There are unfortunate situations where someone gets killed because of another person’s negligence. If the person who has been killed would have had a personal injury lawsuit if they did not die, then there’s a very good chance the deceased’s loved ones can sue the at-fault party for wrongful death. However, there are many aspects of these cases that people need to be aware of before they pursue them in court. Who can file these claims, how long they have to file, what determines a wrongful death case, and other information like this can be beneficial to someone who is thinking about hiring a lawyer. Being properly compensated for the death of a loved one can make a world of difference in someone’s life.
Who Is Able to File For Wrongful Death?
The law varies from state to state, but there are certain people who are generally accepted as able to file for wrongful death. First and foremost, immediate family members are able to sue the at-fault party without question. If someone’s father died as a result of his employer’s negligence, then they can sue that company for the death of their father. This is especially true if the father was providing financial support to his family; the people who are left without their family member are going to suffer because of that person’s death. This gives the child a focus when they are taking the case to court–they can attempt to sue the at-fault party for the amount of money their father would have provided them with until they retired.
Other people who can file for wrongful death are those who were financially dependent upon the deceased person. For example, if a friend was living with someone and being financially supported by them while they went to school, then the student can likely sue the at-fault party for the death of the friend they were living with. Without that person around, the student would not be able to continue attending school or have a place to live, so it’s plausible that they will be able to sue.
In some states, distant family members can also file for wrongful death. You will have to speak with a lawyer in your state about the particular wrongful death laws there, but you may be able to sue the at-fault party if your brother, sister, or even cousin has died because of another’s negligence.
Proving Fault and Winning Your Case
When taking a wrongful death case to court, you and your lawyer must prove that the at-fault party had a duty of care, breached that duty of care, and also caused the death of your loved one with a specific mistake. You may not know everything that was going on in a certain situation, which is why it’s a good idea to hire a reputable lawyer who has experience with wrongful death claims. A good lawyer will be able to find out all of the information they need to know regarding the at-fault party.
A “duty of care” is something like when a driver hits another person on the road and kills them. The defendant’s lawyer is going to have to prove that the driver had a duty of care to obey the traffic laws, and also that they breached the law. The action they took will be the proof that they caused the death of your loved one, therefore providing enough evidence that they can be held responsible.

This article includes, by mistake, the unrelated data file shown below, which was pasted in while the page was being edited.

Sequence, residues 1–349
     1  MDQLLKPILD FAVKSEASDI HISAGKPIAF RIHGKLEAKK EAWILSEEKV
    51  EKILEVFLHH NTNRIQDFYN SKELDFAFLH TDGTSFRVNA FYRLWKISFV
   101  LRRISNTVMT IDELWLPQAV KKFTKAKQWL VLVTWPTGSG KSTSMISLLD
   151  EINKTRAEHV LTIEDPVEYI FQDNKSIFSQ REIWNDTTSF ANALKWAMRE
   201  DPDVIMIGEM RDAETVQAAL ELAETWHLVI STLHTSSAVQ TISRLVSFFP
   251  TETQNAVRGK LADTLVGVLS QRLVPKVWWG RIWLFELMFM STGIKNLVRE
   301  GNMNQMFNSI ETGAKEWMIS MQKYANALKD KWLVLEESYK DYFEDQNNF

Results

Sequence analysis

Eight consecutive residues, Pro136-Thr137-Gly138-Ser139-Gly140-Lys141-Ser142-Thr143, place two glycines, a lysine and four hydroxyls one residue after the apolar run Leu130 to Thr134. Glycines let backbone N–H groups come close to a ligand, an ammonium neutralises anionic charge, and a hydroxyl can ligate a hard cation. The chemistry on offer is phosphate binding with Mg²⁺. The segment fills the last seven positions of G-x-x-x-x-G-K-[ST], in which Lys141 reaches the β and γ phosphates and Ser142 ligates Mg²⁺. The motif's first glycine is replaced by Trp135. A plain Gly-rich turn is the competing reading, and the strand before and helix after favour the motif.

In many wrongful death cases, especially auto accidents, the case will go to trial. Wrongful death cases are mostly considered civil, though, so even if the at-fault party loses, they will likely not go to prison. They will be ordered to pay the plaintiff a certain amount of money, and then the case will be over. Sometimes, though, the at-fault party will simply offer a settlement check to the plaintiff so they can avoid a trial. This is especially true if the at-fault party knows that they really did cause the death of the person in question, and also if they feel like they won’t be able to win a trial.
Be Positive That You Can File a Lawsuit
Before spending any money and putting too much time and effort into your case, it’s best to make sure that you will be able to pursue it in court at all. In some states, there are certain individuals who have immunity from wrongful death cases. In most situations, these are government agencies and their employees. However, there are instances where a certain family member may be immune from a wrongful death case because of their particular situation. Take advantage of a free consultation with a reputable law office to find out if your case is eligible for court and what you can do to increase your chances of winning.
What Can Be Recovered in a Wrongful Death Case?
Those who are thinking about hiring a lawyer to take a wrongful death case to court are probably wondering what they can receive compensation for. While each case varies, there are some general things that a lawyer will try to get in a wrongful death case. A few of the things your lawyer will seek compensation for are the survival claim (or pain the deceased person was in before they died), the medical bills accumulated by the deceased before they passed away, funeral costs, the loss of the expected income from the deceased person, loss of inheritance, loss of love and companionship, and the loss of the services the deceased person would have provided. If the person who died was providing ample support to someone before they passed away, then the person who is still alive may be eligible to receive a large settlement from the at-fault party.
If you believe that you may have a wrongful death case in the state of Arizona, then give Tobler Law a call. We are a team of experienced lawyers that have extensive knowledge on wrongful death suits. Don’t trust a settlement check that can change your life to a law firm that doesn’t know the law surrounding wrongful death inside and out–choose a law firm that has a good track record and is going to give you the best chance of winning.